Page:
Alexandra Lang, a senior at Northwestern University, has won the 2020 Prize in Ethics Essay Contest presented by The Elie Wiesel Foundation for Humanity, LRN Corporation and LRN Founder and Chairman Dov Seidman.
In “‘Any Fraction of Infinity’: Aging, Illness, and the Right to Continue,” Lang, a philosophy major and psychology minor, explores the ethical and moral complexities and the self-reflection that occur at the end of life through her experiences providing support to an elderly hospice patient.
“By writing a page of Emelia’s story, I hope to provide some shadow of the longevity she longed for, and a tribute to the strength and dignity of a woman who, irrespective of age and prognosis, had the courage to express her unapologetic renunciation of the eventuality of death,” Lang writes in the piece.
The Prize in Ethics Essay Contest, established in 1989 by Professor Elie Wiesel and his wife, Marion Wiesel, is an annual competition that challenges college students to address the urgent and complex ethical issues that confront the modern world. Since its inception, thousands of young people have written essays for consideration. After Professor Wiesel’s death in 2016, The Elie Wiesel Foundation and LRN, a global ethics and compliance education and technology company, have continued the Prize in honor of Professor Wiesel’s legacy and memory.
“We are proud to partner with the Elie Wiesel Foundation for Humanity in awarding the annual ethics prize. We join with Marion Wiesel in celebrating this remarkable group of student winners, who so thoughtfully considered ethical issues they have encountered, and, as Professor Wiesel would so often say, think higher and feel deeper. Seeing a new generation of moral leaders rising to meet the challenges before us is a source of hope for the future,” said Seidman.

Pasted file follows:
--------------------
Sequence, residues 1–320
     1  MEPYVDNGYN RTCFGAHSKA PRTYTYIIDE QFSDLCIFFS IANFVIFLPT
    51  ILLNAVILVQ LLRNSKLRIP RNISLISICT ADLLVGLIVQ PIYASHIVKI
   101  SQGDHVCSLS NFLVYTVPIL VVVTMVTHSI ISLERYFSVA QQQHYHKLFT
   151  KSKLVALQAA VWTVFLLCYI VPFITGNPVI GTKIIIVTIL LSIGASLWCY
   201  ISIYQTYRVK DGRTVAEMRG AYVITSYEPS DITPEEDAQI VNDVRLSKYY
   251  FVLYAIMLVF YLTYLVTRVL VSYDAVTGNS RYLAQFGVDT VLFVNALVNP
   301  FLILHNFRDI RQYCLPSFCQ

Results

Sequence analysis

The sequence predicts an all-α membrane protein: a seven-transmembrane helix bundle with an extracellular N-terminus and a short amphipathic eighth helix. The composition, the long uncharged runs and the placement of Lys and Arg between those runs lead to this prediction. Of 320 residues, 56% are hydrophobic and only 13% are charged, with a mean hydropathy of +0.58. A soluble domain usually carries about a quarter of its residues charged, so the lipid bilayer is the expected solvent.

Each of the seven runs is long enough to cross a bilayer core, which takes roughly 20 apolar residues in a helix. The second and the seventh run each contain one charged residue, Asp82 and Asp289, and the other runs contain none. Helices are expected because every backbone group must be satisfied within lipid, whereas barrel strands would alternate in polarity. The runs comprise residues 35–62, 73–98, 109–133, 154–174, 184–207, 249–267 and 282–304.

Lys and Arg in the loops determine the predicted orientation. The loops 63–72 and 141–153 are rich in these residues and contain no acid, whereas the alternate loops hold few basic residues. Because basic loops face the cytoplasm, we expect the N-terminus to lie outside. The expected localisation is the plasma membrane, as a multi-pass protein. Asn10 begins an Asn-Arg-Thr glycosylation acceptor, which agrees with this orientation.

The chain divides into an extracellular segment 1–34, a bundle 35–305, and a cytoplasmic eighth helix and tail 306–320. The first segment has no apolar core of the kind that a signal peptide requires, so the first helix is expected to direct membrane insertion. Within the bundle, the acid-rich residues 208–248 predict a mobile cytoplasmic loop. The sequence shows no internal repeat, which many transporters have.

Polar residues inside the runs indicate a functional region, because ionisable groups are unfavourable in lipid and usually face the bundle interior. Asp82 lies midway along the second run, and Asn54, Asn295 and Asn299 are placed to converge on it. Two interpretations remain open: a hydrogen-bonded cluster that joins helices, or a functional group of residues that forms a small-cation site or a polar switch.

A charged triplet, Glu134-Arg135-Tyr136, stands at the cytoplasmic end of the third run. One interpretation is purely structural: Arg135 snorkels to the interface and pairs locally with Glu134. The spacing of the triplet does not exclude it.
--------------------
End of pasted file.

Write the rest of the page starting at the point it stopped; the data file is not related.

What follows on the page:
Second prize in this year’s contest was awarded to Christina Ge of Brown University for the essay, “Blank Childhoods,” which looks at how the lives and experiences of the author’s ancestors have affected her current engagement with ethics and politics.
Aditya Sharma of Columbia University received third prize for “Of Permits and Peoples,” which explores the complex link between citizenship and belonging through the following ethical dilemma: “If I had the chance to replace my current passport with one that granted me visa-free entry into most countries, would I do it?”
Honorable mention was awarded to Devin Kinsella of University of Northwestern-St. Paul for “Towards Vice or Virtue: An Ethical Inquiry into Suffering,” which explores the author’s pursuit to better understand suffering following the deep grief felt after his wife’s miscarriage. The winning essays can be found on the Foundation’s website: http://eliewieselfoundation.org/prize-ethics/winners/.
About The Elie Wiesel Prize in Ethics Essay Contest
The Elie Wiesel Foundation Prize in Ethics Essay Contest encourages students to write thought-provoking personal essays that raise questions, single out issues and offer rational arguments for ethical action. The contest is open to undergraduate full-time Juniors and Seniors who are registered at accredited four-year colleges or universities in the United States. All submissions to the essay contest are judged anonymously. Winning essays present intensely personal stories, originality, imagination, and clear articulation and convey genuine grappling with an ethical dilemma. For suggested essay topics and more information, visit https://www.eliewieselfoundation.org/prizeinethics.aspx.
About The Elie Wiesel Foundation for Humanity
Elie Wiesel and his wife, Marion, established The Elie Wiesel Foundation for Humanity soon after he was awarded the 1986 Nobel Prize for Peace. The Foundation’s mission, rooted in the memory of the Holocaust, is to combat indifference, intolerance and injustice through international dialogue and youth-focused programs that promote acceptance, understanding and equality. For more information: www.eliewieselfoundation.org, “like” us on Facebook, or follow @eliewieselfdn on Twitter.